We discussed how certain groups are systematically excluded, about the colonial past, and about what must change urgently. The starting point was writer Neske Beks' Echo, a collection of essays, letters and speeches that show how systematic the failure to see and hear is.
Writer Sayonara Stutgard and historian Zawdie Sandvliet also joined the fray. Together they delved into the Echo volume and built bridges between black and white, talked about the importance of Toni Morrison's work, and let the black female voice sound loudly and clearly.
Neverending Stories is the barrier-breaking, inclusive talk show by ROSE Stories. It's a show for a new, culturally diverse public, not just from the Netherlands but also Belgium and the Dutch Antilles. The show discusses recently published books that bring fresh perspectives to themes relevant to a super-diverse society. It focuses on the stories of bicultural writers and female writers in particular, as an answer to the very topical social-ethnic and societal need for authentic stories told from the inside that contribute to a better representation of society.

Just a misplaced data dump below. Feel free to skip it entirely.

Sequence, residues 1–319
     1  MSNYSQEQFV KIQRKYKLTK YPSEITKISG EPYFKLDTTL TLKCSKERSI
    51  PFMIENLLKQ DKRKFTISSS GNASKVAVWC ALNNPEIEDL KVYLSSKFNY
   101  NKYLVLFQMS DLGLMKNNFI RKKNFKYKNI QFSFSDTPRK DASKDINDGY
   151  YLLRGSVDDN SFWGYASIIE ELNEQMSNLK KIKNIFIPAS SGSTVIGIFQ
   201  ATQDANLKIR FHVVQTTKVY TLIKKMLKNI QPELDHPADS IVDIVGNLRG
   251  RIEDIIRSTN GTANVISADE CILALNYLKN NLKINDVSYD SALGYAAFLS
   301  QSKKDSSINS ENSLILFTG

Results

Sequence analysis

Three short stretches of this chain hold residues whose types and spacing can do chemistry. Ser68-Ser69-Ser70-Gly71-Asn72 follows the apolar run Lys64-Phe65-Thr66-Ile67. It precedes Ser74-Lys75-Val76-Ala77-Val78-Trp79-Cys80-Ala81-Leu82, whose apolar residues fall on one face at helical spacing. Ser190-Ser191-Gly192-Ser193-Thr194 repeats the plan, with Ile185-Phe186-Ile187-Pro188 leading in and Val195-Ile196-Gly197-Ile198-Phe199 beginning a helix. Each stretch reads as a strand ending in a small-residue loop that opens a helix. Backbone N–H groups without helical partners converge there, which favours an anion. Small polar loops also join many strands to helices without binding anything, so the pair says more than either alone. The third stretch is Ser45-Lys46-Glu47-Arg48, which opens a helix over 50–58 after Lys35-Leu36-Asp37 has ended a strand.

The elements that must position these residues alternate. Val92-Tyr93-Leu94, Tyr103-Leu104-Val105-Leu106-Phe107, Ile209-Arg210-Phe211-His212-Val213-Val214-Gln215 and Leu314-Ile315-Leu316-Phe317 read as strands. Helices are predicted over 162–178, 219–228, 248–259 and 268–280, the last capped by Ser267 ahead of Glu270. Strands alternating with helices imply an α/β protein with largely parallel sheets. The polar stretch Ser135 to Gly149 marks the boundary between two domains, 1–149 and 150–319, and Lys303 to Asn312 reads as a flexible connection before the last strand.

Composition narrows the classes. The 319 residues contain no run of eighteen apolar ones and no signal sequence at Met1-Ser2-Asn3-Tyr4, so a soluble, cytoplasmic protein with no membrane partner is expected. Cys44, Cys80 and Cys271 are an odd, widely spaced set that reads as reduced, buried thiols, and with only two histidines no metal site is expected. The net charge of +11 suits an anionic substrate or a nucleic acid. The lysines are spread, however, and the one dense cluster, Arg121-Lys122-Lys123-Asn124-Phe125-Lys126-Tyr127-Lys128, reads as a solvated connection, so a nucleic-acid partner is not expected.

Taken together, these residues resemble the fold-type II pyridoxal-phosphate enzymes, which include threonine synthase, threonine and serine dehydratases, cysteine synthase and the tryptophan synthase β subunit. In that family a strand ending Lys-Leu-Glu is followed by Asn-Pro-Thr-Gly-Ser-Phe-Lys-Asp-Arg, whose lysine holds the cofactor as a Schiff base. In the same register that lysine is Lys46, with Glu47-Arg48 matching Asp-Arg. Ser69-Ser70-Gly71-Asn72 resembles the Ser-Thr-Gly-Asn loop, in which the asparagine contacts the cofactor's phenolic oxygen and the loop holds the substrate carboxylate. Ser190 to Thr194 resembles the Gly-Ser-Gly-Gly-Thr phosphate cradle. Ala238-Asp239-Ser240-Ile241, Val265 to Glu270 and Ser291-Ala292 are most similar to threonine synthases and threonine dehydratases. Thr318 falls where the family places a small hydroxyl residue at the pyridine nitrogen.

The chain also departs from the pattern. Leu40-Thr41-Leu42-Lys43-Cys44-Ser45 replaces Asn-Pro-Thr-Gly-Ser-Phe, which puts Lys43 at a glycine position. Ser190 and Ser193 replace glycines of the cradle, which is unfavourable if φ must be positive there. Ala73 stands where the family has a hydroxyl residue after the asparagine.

Neverending Stories was an initiative of ROSE Stories in collaboration with deBuren, Writers Unlimited and Watershed, and was made possible with the help of Literature Flanders, the Prins Bernhard Culture Fund, 21 Fund and the Dutch Literary Fund.
'Listen, drink a glass and feel how warm a winternight can be in the Wintercafé'. And it sure got very warm at the Wintercafé! With readings, short interviews and music by born improviser Behsat Üvez. On Saturday night hosts were Neske Beks and Wim Brands. The Wintercafé was graced with the internationally acclaimed singer and multi-instrumentalist Behsat Üvez.
The café opened with a brandnew story by writer Arthur Japin. Sympathize with the Ghanaian boy Kwaku, who yearns for the real life somewhere away from his own shabby neighbourhood. The programme was realized in cooperation with cultural institute DeBuren from Brussels, whom recorded Japins story as a 'radiobook' and broadcasts it worldwide. In Dutch.
In The Folds of Language Selim Temo (Kurdish), Kamran Nazirli (Azerbaijani) and Gündüz Vassaf (Turkey) read and talked about their daily struggle not to have their language kidnapped by politics or taboo. Turkish/Dutch/English.
As on Friday night, pupils from local secondary schools showed their poetic disposition and were reading their work on the topic of revelations. Poet Hélène Gelèns also read from her work.
A 'pre-read' at Winternachten round writer Tip Marugg (1923-2006). Journalist Petra Possel read from No-one Is an Island, in which she defies the myth of Marugg as a hermit. Poet Carel de Haseth read newly discovered poems, included in the collected works Heaven is Short-lived. The book and the collected works (edited by Aart Broek and Wim Rutgers) was published on 29 January.